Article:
Hewlett-Packard may set the price of its upcoming tablet PC in order to undercut the price of the Apple iPad, according to new reports, heralding a price war among manufacturers looking to gain an early advantage in the burgeoning tablet PC segment. Analyst comments and a virtual teardown of the iPad indicate that Apple has some wiggle room if it wants to position the iPad's price more competitively after the device's release within the next two months. HP's tablet was originally unveiled by Microsoft CEO Steve Ballmer at this year's Consumer Electronics Show in Las Vegas.
Hewlett-Packard may adjust the price of its upcoming tablet PC in order
to better compete against the Apple iPad, according to a new report in The Wall
Street Journal, as a recent wave of manufacturer announcements indicates that a
price war may be brewing in the tablet space.
According to the
Feb. 18 report in The Wall Street Journal
, HP executives are slated to lock
down details of their tablet PC, which was unveiled by Microsoft CEO
Steve Ballmer during a keynote presentation at January's Consumer Electronics
Show in Las Vegas. One of the
items on their agenda, apparently, is to decide on how to best undercut the
iPad's price point. Reports suggest that the HP device will run Windows 7,
which includes touch-screen capabilities.
HP itself has been tight-lipped about specs for the device, which the
Journal refers to as "the Slate." During
the presentation at CES
, Ballmer suggested that the tablet's capabilities
would include e-reading, Web surfing and the ability to play
"entertainment on the go," such as movies.
In addition to that HP device, Ballmer also brought tablets from Pegatron
and Archos onto the stage with him; however, he declined to demonstrate the
capabilities of either of the latter two. Other
tablet PCs at CES
included the Fujitsu Lifebook T4410, which converted from
a traditional notebook to a multi-touch tablet thanks to a sliding screen, and
Lenovo's IdeaPad U1 hybrid notebook, which features an 11.6-inch screen that
detaches to become a tablet running a Skylight Linux-based operating system.
A number of manufacturers at CES declined to name definite price points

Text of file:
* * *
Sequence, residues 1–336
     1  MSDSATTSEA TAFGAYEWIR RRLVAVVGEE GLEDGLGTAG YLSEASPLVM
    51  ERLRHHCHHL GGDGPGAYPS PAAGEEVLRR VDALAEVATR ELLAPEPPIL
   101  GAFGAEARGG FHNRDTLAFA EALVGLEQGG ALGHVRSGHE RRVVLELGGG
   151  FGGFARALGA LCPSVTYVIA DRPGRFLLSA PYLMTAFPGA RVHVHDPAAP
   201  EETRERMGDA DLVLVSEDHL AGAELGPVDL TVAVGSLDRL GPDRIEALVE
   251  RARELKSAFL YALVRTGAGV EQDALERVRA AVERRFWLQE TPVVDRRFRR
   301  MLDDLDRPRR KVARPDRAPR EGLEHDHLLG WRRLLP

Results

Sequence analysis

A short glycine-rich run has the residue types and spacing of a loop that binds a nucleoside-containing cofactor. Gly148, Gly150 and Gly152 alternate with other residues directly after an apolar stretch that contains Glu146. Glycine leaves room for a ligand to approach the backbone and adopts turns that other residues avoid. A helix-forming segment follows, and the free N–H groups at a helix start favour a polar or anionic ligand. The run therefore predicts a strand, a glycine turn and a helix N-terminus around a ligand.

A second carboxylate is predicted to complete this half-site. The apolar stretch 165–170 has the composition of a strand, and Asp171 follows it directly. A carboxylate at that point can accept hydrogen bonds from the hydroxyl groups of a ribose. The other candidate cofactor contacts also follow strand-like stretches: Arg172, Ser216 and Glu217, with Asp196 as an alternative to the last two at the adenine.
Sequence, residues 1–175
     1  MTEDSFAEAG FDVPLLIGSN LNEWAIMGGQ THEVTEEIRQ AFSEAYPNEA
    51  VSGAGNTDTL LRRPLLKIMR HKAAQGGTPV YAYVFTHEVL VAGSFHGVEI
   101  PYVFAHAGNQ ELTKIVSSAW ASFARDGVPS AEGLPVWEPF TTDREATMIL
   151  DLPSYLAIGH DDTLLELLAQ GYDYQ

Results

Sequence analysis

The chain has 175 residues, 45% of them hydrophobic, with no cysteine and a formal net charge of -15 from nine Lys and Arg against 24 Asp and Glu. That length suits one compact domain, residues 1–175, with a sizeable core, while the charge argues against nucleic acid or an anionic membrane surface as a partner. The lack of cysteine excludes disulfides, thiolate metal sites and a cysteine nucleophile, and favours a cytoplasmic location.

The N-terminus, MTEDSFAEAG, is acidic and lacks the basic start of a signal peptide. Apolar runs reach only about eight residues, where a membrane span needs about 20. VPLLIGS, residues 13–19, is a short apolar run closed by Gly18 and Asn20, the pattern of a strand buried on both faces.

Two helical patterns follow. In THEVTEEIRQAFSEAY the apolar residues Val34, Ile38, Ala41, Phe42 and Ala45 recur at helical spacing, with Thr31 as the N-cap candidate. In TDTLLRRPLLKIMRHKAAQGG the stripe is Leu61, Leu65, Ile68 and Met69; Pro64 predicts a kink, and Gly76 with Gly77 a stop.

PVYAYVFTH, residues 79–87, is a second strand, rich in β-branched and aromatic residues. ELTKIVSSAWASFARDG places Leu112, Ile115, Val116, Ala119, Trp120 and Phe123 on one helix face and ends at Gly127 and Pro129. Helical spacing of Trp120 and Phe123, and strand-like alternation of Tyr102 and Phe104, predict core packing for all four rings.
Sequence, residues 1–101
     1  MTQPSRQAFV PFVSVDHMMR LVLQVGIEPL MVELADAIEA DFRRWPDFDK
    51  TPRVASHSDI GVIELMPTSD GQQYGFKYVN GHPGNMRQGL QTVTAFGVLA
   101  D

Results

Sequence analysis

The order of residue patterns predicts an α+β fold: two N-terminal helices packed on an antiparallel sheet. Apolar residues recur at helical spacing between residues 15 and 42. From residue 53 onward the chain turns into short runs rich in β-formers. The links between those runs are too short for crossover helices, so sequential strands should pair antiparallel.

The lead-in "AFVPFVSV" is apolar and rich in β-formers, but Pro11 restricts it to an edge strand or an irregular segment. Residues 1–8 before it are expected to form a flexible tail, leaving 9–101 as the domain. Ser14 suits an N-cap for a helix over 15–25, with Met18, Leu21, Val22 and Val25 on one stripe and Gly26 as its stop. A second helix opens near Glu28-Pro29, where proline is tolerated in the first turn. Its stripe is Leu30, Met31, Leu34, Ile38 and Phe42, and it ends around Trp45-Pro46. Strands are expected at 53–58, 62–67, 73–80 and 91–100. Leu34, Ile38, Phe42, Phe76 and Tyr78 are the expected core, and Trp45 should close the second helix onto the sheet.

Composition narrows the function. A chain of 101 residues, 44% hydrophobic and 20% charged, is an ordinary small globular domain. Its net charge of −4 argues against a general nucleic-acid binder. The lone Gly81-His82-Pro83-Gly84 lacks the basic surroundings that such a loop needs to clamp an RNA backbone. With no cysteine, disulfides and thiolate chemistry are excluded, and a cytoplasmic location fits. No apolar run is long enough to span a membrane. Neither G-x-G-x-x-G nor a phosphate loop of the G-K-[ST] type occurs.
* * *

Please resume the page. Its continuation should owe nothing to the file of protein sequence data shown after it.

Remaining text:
for their upcoming tablet products, presumably waiting to see how the market
developed throughout 2010 before finalizing those numbers.
At the same time, some
e-reader manufacturers are positioning their products to compete more robustly
in the tablet PC environment
, as evidenced by Amazon.com's announcement of
an SDK (software development kit) for the Kindle that would allow developers to
create applications that leverage the device's wireless delivery and e-ink
display. Amazon and Barnes & Noble have both introduced applications that
port an e-reader interface onto other devices, such as the BlackBerry.
Throw into the mix smaller manufacturers like Fusion Garage, whose
controversial JooJoo tablet PC entered full production on Feb. 3
, and the
possibility for a substantial price war exists within the tablet PC space,
previously a niche industry.
Apple executives allegedly indicated to Credit
Suisse analyst Bill Shope that they intend to be "nimble" with the
if customers decline to buy the device in mass numbers during
its initial rollout within the next two months. That also gives Apple room to
adjust the iPad's retail sticker if a price war erupts in the tablet PC space.
While the iPad's price is lower than that of many Apple products, particularly
its traditional PC line, analysts such as IDC's
Susan Kevorkian see its cost as a potential disadvantage, particularly in the
For the moment, though, Apple plans on retailing the 16GB version of the
iPad for $499 with WiFi, and $629 with WiFi and 3G. The 32GB version has a
price point of $599 with WiFi, and $729 with WiFi and 3G. At the top of the
tier, the 64GB version will cost $699 with WiFi, and $829 with WiFi and 3G. Research
firm iSuppli conducted a "virtual teardown" of the iPad earlier in
and theorized that Apple can expect a fairly substantial profit
off the iPad, with the $829 version of the device costing $346.15 to build.
That profit may decline, however, if Apple lowers the iPad's price point to
compete with offerings from other companies.